National Aeronautics and Space Administration

Living With A Star

Targeted Research and Technology

Relative Roles of Different Solar Wind Drivers of ULF Waves in Radial Transport of Relativistic Electrons in the Outer Radiation Belt

ROSES ID: NNH13ZDA001N      Selection Year: 2013      

Program Element: Focused Science Topic

Principal Investigator: Viacheslav Merkin

Affiliation(s): Johns Hopkins University Applied Physics Laboratory

Project Member(s):
Lyon, John G. Co-I Dartmouth College
Takahashi, Kazue Collaborator Johns Hopkins University Applied Physics Laboratory
Ukhorskiy, Aleksandr Y Co-I JHU/APL


Relativistic electron intensities across the outer radiation belt vary on the timescales from minutes to days. A major mechanism responsible for this variability is radial transport of electrons across their drift shells. Radial transport is driven by interactions of the gradient-curvature longitudinal drift motion of trapped particles around Earth with the ULF waves in the Pc4-5 frequency range (2-22 mHz). The waves with small azimuthal wave number (m) can resonantly interact with the electron drift motion leading to effective scattering of particles across the drift shells. The dominant low-m ULF modes draw their energy from different sources of solar wind origin. First, ULF waves can be generated by the Kelvin-Helmholtz instability (KHI) at the magnetopause flanks. Another major source of ULF wave activity is fluctuations in the solar wind dynamic pressure. Magnetosonic waves induced at the magnetopause couple with standing Alfven waves termed field line resonances. Magnetosonic waves can also get trapped inside and reflected from the plasmapause resulting in global cavity modes. While previous studies established that low-m ULF waves can resonantly interact with the electron drift motion, the relative importance of the waves of different solar wind origin in sculpting radial profiles of radiation belt intensities still remains a mystery. The proposed study is intended to close this understanding gap via addressing fundamental science questions of ULF wave interaction with relativistic electrons in the outer radiation belt:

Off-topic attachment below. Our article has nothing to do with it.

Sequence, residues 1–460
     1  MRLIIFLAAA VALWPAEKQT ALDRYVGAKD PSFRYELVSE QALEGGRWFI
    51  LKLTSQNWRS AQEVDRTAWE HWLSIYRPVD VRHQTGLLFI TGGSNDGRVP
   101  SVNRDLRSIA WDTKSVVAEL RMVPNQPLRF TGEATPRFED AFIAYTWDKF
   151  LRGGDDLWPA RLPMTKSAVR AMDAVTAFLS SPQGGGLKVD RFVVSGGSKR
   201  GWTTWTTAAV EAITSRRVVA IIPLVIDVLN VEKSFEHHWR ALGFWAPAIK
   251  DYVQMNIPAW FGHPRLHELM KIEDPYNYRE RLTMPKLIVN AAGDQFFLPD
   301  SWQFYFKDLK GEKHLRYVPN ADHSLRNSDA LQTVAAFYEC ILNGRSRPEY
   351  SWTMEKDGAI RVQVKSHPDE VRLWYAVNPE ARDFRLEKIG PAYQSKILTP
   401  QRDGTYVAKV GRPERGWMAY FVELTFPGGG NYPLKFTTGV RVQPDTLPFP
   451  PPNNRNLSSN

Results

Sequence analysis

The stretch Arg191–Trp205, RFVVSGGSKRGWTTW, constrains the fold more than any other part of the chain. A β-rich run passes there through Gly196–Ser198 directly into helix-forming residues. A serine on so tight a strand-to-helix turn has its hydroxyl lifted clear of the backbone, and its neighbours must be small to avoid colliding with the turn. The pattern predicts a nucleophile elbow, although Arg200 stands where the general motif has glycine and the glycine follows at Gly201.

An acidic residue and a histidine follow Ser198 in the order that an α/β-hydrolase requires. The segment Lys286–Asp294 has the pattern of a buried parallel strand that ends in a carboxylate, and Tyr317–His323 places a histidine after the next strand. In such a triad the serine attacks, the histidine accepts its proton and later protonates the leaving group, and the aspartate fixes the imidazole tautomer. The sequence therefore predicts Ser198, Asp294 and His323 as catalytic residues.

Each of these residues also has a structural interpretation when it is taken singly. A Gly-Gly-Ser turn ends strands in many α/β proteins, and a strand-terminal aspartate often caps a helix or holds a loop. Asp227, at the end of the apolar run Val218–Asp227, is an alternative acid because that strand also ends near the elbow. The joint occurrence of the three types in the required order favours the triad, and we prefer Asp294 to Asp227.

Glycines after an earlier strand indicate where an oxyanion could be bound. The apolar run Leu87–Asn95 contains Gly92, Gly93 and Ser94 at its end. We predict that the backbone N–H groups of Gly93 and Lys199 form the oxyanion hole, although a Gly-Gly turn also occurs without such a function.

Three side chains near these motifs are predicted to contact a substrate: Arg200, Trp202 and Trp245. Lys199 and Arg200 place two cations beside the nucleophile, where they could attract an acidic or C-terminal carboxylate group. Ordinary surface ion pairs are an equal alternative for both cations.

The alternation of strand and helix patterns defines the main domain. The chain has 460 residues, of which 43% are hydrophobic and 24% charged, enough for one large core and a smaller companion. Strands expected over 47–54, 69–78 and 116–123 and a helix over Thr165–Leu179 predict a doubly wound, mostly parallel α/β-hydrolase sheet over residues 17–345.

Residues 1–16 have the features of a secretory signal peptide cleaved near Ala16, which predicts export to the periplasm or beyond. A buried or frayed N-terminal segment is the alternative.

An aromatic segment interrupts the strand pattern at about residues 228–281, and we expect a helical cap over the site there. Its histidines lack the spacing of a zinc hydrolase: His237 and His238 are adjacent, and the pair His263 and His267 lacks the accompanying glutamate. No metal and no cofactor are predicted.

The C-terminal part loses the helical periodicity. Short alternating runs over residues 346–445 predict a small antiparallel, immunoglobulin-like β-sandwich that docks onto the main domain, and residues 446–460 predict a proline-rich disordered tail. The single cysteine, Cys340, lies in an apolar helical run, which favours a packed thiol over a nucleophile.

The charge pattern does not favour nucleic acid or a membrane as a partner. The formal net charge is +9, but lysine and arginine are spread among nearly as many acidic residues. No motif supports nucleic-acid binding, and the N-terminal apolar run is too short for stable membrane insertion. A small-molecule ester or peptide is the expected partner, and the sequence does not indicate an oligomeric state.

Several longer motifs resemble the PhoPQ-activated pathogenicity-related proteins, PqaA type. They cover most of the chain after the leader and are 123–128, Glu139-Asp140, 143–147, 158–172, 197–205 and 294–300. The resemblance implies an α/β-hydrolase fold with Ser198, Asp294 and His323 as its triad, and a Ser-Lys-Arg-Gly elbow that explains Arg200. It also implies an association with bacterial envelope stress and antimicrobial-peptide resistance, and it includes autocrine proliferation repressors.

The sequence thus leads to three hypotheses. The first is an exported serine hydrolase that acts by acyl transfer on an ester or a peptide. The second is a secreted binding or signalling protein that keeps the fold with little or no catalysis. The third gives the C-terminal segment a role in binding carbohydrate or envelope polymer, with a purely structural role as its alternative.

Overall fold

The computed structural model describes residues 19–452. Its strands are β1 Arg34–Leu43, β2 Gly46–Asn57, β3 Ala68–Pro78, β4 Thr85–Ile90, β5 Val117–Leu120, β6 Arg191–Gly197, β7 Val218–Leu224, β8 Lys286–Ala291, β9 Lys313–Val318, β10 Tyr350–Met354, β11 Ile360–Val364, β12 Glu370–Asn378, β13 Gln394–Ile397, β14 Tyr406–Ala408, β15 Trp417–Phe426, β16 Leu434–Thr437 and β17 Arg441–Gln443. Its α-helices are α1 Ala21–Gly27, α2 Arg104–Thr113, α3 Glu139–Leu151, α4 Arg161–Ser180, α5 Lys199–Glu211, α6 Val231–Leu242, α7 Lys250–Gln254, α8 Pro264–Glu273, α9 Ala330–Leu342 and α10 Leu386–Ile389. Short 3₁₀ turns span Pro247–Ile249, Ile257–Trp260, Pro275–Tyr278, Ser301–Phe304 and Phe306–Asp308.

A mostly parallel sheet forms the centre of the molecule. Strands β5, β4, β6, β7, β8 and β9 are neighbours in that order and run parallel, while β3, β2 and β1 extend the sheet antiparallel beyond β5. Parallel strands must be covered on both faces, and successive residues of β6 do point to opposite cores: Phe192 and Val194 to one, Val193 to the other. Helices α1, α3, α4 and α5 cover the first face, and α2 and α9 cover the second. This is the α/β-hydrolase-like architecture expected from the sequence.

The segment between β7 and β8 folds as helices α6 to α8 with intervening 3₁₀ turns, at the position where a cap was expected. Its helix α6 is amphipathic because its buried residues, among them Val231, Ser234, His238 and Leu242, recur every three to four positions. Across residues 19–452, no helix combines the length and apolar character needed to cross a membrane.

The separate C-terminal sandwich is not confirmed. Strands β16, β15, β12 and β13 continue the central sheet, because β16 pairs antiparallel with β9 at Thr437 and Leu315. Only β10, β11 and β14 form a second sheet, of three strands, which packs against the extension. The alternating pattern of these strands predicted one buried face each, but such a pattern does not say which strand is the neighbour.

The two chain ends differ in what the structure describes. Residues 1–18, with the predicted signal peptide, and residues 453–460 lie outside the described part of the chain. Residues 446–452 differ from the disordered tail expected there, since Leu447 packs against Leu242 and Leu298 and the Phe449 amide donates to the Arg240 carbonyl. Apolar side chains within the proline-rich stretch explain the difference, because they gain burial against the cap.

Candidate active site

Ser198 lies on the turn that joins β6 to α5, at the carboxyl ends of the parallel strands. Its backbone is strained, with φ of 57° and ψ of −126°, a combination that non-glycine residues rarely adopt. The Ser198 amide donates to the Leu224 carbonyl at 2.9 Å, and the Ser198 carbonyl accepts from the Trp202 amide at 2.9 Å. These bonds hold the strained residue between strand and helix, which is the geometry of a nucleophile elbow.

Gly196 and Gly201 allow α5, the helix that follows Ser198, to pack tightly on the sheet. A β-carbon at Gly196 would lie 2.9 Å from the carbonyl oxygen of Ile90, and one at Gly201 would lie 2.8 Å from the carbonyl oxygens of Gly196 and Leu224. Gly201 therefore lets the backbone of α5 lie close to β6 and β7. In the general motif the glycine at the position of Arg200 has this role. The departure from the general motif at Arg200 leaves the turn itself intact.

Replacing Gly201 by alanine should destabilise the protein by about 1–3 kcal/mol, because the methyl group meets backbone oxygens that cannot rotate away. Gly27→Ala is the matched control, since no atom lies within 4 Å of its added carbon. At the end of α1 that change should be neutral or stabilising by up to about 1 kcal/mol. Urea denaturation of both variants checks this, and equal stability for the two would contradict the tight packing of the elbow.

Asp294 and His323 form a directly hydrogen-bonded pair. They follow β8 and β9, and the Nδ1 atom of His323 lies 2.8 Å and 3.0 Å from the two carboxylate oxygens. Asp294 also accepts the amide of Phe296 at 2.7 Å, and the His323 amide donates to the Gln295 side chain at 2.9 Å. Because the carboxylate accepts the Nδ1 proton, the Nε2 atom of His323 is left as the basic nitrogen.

1) What are the properties and rates of radial transport driven by the two main types of the solar-wind driven ULF waves: velocity shear induced KHI and dynamic pressure variations?

2) What is the difference in transport due to a single isolated ULF mechanism compared to realistic conditions when both ULF wave mechanisms operate simultaneously?

3) What is the relative contribution of radial transport due to externally driven ULF waves in the build up and decay of radiation belt intensities during events observed by the Van Allen Probes?

We will use a global MHD model of magnetospheric dynamics (LFM), and a 3D guiding center radiation belt model. The global model possesses both very high resolution and the ability to simulate the cold plasmasphere, which are necessary to reproduce the KHI and properly describe mode coupling. The fully 3D test-particle model is necessary to 1) describe possible deviations of the transport from radial diffusion, requiring kinetic rather than phase-averaged (Fokker-Planck) approximation; 2) take into account 3D aspects of particle motion, e.g., drift orbit splitting and orbit bifurcations. Our science investigation will be based on a series of numerical experiments: First, with idealized solar wind and IMF conditions allowing separation of KHI and dynamic pressure driven modes; Second, with realistic solar wind inputs allowing direct assessment of electron radial transport with observations by Van Allen Probes. Relative contributions of the different ULF generation mechanisms will be assessed by computing transport rates from the 3D test-particle simulations in the resultant MHD fields.

Proposed Contribution to the Focus Team Effort: The proposed research is directly relevant to Focused Science Topic (c), the Connection between Solar Interplanetary Structures and the response of Earths radiation belts. The research will contribute to the focus team efforts both by providing global models to aid in analysis of observational studies and characterizing the physical processes responsible for radial transport of electrons in the outer belt. The project metrics will assess progress in (1) completion of simulations of idealized cases and event studies and (2) in understanding the relative roles of different ULF generation mechanisms in radial transport of relativistic electrons.
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